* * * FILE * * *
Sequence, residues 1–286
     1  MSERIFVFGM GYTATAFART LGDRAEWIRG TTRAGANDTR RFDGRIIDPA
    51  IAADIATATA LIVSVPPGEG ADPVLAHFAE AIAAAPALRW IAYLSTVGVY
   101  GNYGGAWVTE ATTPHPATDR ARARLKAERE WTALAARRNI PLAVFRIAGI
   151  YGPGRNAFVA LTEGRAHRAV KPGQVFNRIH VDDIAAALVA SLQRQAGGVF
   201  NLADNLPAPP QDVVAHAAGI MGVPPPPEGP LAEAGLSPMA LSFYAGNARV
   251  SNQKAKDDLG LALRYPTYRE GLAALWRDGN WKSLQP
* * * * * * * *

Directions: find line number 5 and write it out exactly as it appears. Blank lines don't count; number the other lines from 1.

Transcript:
   151  YGPGRNAFVA LTEGRAHRAV KPGQVFNRIH VDDIAAALVA SLQRQAGGVF